Sometimes it seems like travelling is bad for an introvert. Either it seems to bring so much activity and socialising that it is unsustainably exhausting, or it becomes isolating and lonely because those gaps between us and those around us are just too wide to cross. Either way – the road can be a tiring place.
I sit here now writing this while listening to music with headphones on. At the dining table with me are Ollie and Jenni. Ollie is reading my book on his kindle. Jenni is on her computer too. There is silence. Even though music plays in my ears, it is like a bubble around me, a buffer, that insulates me, encapsulates me so I can feel alone, even while with people.
This is often what being an introvert looks and feels like to me while travelling. Finding moments, spaces, ways to process even while surrounded. Time to switch off and withdraw when I feel overloaded by all the newness and interaction.
But it is always a tension. As I put my headphones on tonight I resisted the urge to apologise for being anti-social. Because in built somewhere in me is the instinct that I must be always available to people, always ready to socialise, and never more so than when travelling. Whether in hostels or people’s homes, it sometimes feels like the payment is less money and more my ability to entertain.
Sometimes I love this. Very occasionally I am the life of the party. And always I love new people and new experiences. That is one of the principles I base my life on – newness is essential for the human soul.
But then sometimes… I get tired. Constantly encountering new places, new people, new sounds and feelings, and the accompanying new decisions makes me want curl in a ball somewhere and put a pillow over my head.
Or put some headphones over my ears and pretend I am alone. Ignore (kindly) the people sitting near me, the people waiting for responses to their messages, and just contemplate the inner workings of my own mind.
This is why I advocate slow travel. (People don’t always understand just how little I can want to do in a day and be perfectly happy with that!) Time for surroundings to become familiar and a few little routines to become automatic to take the pressure off brains and nervous systems. This is the balance of newness and familiarity. Because the thing with newness is, once you’ve experienced it, you also need time to process and absorb. And for an introvert like me, processing and absorbing life takes stillness and pause.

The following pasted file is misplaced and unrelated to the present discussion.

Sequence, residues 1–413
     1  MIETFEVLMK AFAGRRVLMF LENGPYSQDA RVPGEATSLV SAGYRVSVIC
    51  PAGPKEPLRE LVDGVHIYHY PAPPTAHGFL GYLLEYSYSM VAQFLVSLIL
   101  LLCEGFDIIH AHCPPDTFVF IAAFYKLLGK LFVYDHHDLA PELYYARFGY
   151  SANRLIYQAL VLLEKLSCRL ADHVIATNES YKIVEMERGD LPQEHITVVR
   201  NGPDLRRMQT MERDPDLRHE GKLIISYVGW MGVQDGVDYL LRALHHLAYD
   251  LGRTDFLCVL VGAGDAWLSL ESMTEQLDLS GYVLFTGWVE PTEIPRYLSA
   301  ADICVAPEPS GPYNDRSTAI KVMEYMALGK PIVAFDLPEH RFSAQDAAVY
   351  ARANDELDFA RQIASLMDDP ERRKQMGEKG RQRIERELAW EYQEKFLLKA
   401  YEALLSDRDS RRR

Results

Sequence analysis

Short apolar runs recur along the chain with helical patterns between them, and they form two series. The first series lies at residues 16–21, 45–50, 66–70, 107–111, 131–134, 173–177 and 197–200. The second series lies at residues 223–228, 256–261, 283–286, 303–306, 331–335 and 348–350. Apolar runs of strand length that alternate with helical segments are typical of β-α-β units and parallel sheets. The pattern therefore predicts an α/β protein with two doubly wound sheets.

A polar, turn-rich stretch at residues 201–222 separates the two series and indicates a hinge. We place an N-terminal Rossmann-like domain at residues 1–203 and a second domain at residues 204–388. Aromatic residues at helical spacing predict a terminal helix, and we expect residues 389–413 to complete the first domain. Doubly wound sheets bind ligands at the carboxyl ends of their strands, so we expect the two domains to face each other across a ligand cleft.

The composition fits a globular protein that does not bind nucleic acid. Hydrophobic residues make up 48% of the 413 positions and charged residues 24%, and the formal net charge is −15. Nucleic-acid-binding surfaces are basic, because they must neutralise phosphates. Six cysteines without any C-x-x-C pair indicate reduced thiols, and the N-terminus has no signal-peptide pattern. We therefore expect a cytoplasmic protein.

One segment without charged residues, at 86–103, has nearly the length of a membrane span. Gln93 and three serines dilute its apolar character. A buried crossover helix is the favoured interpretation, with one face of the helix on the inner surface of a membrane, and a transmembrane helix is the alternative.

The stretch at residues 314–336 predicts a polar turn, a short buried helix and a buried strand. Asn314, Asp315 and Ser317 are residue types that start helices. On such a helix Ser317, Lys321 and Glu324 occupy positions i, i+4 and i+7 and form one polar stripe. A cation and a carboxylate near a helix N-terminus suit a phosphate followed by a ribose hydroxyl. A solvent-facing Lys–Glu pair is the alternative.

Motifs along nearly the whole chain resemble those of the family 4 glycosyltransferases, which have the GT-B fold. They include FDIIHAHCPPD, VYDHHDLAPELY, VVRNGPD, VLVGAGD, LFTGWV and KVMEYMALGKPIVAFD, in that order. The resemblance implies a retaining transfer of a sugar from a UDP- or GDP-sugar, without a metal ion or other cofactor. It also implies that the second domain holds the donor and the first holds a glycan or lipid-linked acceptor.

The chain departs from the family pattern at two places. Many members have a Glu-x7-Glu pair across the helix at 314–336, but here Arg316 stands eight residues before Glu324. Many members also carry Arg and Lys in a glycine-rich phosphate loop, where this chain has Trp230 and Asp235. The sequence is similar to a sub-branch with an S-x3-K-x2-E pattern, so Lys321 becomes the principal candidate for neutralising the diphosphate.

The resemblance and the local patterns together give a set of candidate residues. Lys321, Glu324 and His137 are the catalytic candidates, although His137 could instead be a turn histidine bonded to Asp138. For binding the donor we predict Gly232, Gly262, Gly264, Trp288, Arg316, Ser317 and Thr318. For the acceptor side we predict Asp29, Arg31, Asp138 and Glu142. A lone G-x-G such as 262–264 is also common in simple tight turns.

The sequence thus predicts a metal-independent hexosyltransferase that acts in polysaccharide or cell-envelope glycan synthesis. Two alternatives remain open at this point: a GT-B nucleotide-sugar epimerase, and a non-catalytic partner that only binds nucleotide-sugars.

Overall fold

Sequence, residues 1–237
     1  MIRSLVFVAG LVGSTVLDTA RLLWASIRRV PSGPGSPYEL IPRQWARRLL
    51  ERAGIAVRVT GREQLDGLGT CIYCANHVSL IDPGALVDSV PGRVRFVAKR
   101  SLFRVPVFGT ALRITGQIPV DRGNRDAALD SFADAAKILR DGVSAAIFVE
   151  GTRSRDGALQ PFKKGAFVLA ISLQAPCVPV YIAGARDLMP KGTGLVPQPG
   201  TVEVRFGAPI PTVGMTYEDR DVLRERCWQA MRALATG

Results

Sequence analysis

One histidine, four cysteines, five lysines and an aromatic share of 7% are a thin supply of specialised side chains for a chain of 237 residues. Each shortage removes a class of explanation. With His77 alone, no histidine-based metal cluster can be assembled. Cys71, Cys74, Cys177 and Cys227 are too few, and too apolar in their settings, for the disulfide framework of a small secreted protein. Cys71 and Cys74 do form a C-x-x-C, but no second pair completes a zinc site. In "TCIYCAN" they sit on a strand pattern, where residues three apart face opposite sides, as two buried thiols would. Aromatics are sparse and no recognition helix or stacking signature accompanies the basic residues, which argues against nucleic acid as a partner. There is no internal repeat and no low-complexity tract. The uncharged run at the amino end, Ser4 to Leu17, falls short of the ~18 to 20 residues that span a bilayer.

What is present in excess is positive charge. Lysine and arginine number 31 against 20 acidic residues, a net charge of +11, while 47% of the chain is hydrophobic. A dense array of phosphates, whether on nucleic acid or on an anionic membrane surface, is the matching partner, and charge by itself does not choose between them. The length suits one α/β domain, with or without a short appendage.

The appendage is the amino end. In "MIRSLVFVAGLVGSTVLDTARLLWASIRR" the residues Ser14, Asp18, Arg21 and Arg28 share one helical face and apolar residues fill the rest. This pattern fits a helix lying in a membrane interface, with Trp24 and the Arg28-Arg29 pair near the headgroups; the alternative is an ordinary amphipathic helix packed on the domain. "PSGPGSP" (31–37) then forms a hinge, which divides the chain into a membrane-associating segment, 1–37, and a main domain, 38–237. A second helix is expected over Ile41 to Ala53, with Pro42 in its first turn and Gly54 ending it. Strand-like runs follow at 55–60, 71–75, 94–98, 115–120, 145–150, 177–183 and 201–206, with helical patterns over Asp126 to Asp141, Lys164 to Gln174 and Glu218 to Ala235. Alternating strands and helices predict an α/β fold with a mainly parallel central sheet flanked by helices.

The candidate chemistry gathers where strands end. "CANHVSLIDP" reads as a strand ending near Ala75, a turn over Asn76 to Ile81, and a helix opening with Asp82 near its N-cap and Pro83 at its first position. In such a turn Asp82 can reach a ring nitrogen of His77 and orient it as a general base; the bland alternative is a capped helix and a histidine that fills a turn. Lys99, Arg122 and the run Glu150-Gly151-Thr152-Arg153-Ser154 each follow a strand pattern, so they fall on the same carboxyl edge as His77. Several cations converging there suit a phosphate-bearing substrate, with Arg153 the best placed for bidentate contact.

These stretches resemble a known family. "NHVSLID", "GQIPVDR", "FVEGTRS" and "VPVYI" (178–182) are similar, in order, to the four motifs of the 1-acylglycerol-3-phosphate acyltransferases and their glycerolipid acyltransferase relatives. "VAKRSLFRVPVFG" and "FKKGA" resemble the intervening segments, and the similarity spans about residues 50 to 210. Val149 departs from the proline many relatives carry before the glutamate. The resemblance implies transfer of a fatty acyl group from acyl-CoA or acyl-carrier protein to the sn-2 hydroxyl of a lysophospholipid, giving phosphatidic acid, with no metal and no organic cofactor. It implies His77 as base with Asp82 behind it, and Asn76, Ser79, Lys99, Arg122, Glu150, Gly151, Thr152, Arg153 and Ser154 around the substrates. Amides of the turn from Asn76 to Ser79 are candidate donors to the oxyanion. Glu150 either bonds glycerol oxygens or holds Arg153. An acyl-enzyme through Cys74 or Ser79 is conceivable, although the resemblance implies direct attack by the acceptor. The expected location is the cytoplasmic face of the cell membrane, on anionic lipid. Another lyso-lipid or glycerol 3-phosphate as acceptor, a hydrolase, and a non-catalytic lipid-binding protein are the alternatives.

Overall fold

If I don’t have enough time to pause, it doesn’t take me long to get frazzled. We had spent a few peaceful and chilled out days in Nimbin. But then we were moving every day – only for a few days – from Nimbin to Coffs Harbour to Port Macquarie – and then we arrived in Newcastle. And after finding a place to park and the nearest cafe to eat in, I started to think about the agitation I was feeling in every cell of my body.
There was nothing really to be anxious about. I was loving the trip, and my trip companion. I was having the most fun of my life. And we had no real plan and no set place to be. And yet I felt a funny kind of stress, like when you’re running late for something, or forgetting important details.
Partly it was being in a city after weeks of farm life, composting toilets, and frogs and birds the noisiest of my surroundings. But I realised much of what I was feeling was a decision-making fatigue. It gets to the point where even deciding what to eat for breakfast makes me want to cry.
So what is an introvert to do when it gets too much?
First I put the hood of my jacket up and pressed my face into Ollie’s chest for a few minutes of darkness, and I just listened to my own breathing.
And then we got in the car and went to his relatives’ house where we were welcomed to stay the night and have dinner with them.
And after all this I felt refreshed.
The funny thing is, it’s less about being alone than I thought. At first I thought I just wanted to curl in a ball, retreat from the world, shut everything out. But that wasn’t possible right then – and so I pressed on. In the opposite direction in some ways, to where I thought I wanted to go.
And it turns out it is connection, not isolation, that I needed. First I connected with myself, and with Ollie. And then I opened myself up to connect with his family and the people around me. And it was doing this that lifted the weight off my shoulders.
And later, in Sydney, when the city was all too much, it was sitting in a tree that restored me. Which in a funny way, was also about connection. Ollie was there with me, and nature was around me. And a few laughs with strangers when they spotted us. And that was the best I had felt in that city, compared to passing by endless streams of strangers with nothing to link us.
Are you an introvert? What do you love and loathe about travel?